Whether you are close to a child who might be experiencing childhood trauma or might have one under your roof, here are some tips to consider:
Get on your child’s level. Enter their world. Try to put yourself in their shoes, even if they are much smaller shoes. If you would like to seriously connect with a child and get them to open up about what they might be going through, then it is important to enter their world. Sit on the floor. Make eye contact and connect at their level.
Engage in activities like art, sports, and interactive games where they can express themselves. You cannot sit a child at a table, ask them twenty questions in a stern voice, and expect to connect on a level that makes them feel seen and heard. It is important to listen more than you talk. You can try reflective listening, where you repeat back what you think they are trying to convey.
Ask your children questions regularly about those whom they observe and interact with. You can try asking nonjudgmental questions that require them to dig deep and answer. Too often we ask yes or no questions, without really leaving a lot of room for them to open their hearts and try engaging in a conversation.
Instead of “Are people nice at school?” try a more involved approach, like “How do the children treat one another/treat you at school?”
Instead of “Did you have a good day?” try, “Please tell me all about your day!”
Instead of “Are you nice to people?” try, “How nice are you to your classmates?”
Give specific examples and ask specific questions to zero in on specific topics.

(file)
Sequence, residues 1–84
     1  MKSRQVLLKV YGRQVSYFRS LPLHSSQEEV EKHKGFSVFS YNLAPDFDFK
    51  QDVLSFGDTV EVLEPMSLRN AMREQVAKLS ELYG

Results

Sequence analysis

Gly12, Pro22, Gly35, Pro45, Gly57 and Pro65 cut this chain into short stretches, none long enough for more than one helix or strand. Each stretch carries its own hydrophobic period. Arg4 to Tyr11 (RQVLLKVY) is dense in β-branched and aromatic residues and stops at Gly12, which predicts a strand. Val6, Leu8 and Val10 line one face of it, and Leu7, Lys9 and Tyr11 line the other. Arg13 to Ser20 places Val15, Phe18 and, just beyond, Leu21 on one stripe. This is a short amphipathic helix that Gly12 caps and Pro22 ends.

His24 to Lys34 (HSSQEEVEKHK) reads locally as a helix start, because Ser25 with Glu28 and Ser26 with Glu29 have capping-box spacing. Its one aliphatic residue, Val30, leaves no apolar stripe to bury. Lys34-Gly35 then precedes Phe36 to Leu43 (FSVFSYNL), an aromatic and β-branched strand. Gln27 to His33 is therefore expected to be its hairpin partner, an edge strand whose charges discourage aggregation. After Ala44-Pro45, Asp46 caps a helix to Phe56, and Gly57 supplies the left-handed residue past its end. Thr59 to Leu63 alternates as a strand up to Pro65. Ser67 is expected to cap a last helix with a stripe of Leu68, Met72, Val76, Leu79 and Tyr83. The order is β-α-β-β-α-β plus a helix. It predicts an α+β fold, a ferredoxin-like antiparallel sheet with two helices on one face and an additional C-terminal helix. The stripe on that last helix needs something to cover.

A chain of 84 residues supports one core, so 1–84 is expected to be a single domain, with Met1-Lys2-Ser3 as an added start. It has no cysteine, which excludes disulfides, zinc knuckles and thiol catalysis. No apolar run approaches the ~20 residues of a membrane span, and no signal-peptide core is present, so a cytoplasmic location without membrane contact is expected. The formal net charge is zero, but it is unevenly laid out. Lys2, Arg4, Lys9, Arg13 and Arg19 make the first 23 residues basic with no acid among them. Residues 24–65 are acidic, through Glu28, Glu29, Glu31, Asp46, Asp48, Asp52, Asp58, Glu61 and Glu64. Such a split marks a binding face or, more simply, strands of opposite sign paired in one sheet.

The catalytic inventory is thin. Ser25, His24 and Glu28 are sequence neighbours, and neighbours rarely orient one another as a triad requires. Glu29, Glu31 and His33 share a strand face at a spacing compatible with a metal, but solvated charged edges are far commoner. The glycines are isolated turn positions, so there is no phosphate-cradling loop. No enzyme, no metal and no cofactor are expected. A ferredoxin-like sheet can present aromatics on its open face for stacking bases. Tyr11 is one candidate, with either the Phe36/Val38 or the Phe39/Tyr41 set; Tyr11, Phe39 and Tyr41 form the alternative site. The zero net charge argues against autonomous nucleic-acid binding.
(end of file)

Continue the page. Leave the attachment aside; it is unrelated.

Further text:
Pray for your children. While it can be easy to overlook, it is vital to remember that prayer should be one of the first things you do for your children and not the last resort. Pray for them. Pray with them. Pray around them.
“I believe that every blessing, every breakthrough, every miracle traces back to the prayers that were prayed by you or for you. One of the greatest moments in eternity will be the day God peels back the space-time curtain and unveils His sovereignty by connecting the divine dots between our prayers and His answers. That infinite web of prayer crisscrosses every nation, every generation.
“And when God finally reveals His strange and mysterious ways, it will drop us to our knees in worship. We will thank Him for the prayers He did answer. We’ll also thank Him for the prayers He didn’t answer because we’ll finally understand why. And we’ll thank Him for the answered prayers we weren’t even aware of.” – Mark Batterson, Praying Circles around Your Children